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$4M grant to improve college enrollment in Marion County

Multicultural Spotlight: $4M grant to improve college enrollment

INDIANAPOLIS (WISH) — A $4 million grant aims to improve college enrollment for Marion County high school students as part of a newly rolled-out program called College Matters.

The Richard M. Fairbanks Foundation is providing the funding with hope as more students enroll and come to college, they’ll not only stay in Indiana and join in the economic growth but share their knowledge to help others navigate college enrollment.

Victory College Prep, part of the work is in the name, and $150,000 of a $4 million grant will help even more students prepare for college.

“Our goal isn’t that kids get accepted to college. That’s great. Isn’t that they show up on the first day, that’s even better, but they have to stay. So, in order for them to do that, they have to feel confident about the funding. The only way to do that is to make sure their FAFSA is filled out,” said Chelsea Easter, principal at Victory College Prep.

The grant will be distributed to more than a dozen Marion County school districts and community organizations. It’s part of the newly rolled out College Matters program in partnership with the Indiana Commission for Higher Education in response to what representatives say is an alarming drop in college enrollment.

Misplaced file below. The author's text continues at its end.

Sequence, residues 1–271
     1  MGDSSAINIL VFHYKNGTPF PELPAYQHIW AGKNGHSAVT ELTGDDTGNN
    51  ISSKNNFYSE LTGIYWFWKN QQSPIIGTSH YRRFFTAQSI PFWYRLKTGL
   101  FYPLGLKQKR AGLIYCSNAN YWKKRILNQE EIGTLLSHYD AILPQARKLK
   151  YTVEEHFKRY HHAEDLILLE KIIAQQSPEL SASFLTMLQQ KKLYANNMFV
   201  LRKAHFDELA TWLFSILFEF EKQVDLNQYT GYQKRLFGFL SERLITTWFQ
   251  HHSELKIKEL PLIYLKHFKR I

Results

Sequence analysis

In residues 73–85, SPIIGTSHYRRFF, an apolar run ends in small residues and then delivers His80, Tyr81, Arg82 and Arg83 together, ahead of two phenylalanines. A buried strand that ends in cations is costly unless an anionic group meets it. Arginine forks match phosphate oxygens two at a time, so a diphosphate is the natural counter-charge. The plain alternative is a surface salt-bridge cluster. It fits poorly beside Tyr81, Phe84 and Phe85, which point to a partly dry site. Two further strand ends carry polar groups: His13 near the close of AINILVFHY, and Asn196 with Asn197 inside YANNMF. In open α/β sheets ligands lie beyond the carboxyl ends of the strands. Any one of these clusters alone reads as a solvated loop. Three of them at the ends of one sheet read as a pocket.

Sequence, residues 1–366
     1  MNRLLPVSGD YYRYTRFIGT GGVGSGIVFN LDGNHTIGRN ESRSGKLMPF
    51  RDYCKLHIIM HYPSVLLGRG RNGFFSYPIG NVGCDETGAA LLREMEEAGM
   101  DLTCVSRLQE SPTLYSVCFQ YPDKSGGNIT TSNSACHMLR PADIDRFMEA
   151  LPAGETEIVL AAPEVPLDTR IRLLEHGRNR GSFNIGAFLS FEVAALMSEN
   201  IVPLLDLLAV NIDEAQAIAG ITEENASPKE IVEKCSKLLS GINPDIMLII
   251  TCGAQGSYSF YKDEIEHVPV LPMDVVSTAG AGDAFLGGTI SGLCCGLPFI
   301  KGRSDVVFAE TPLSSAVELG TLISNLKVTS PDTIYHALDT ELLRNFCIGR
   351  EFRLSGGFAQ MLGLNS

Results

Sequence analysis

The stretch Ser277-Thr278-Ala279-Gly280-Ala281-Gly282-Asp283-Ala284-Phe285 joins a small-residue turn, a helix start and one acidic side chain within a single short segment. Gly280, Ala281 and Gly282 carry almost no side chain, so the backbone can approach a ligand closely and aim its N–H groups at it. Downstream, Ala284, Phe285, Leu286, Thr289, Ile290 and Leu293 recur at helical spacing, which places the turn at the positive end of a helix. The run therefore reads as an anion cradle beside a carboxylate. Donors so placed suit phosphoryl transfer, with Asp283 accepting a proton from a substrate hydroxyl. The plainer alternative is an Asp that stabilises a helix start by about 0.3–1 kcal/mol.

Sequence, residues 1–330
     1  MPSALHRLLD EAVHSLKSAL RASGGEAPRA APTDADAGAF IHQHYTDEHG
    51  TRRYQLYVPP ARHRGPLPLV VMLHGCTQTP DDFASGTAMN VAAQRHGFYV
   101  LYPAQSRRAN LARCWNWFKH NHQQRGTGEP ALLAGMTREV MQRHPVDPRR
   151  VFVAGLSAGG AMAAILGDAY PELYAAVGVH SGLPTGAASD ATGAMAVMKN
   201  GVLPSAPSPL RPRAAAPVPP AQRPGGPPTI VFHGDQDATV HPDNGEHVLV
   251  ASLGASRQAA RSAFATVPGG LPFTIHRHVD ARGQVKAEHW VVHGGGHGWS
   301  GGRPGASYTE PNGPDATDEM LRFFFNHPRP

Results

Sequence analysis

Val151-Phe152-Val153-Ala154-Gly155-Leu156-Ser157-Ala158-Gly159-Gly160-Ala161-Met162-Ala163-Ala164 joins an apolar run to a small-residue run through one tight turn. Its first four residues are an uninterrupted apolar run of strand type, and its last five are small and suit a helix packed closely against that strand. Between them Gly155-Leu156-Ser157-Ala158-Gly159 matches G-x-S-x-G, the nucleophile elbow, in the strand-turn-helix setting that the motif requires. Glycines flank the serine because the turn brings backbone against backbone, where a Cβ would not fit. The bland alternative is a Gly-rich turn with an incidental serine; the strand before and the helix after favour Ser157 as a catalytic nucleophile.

“We have a big problem because more and more employers need a college-educated workforce. So, we need to make sure that we are increasing college enrollment in Marion County so that more Hoosiers have the opportunity to earn a livable wage with a job that provides benefits,” said Claire Fiddian-Green, CEO of Richard M. Fairbanks Foundation.

When looking at the 2020 Marion County high school graduating class, the foundation reports only 40% of lower-income students enrolled in college. Compared to the 58% of higher-income students who enrolled.

“Soon as we help the student “A”, who’s a junior, and we help their parents fill out the FAFSA for the first time, their eighth-grade sibling, their sixth-grade sibling, and their kindergarten sibling now have access to information that they didn’t have before,” Easter said.

It’ll support a broad student body, but center around lower-income students who have a less likely chance of filling out the free Application for Federal Student Aid. With FAFSA completion now a graduation requirement, the funding will support in-school training and help them get filled out.

“The FAFSA form is the ticket to accessing loans and scholarships both at the federal level and state level and also through colleges,” Fiddian-Green said.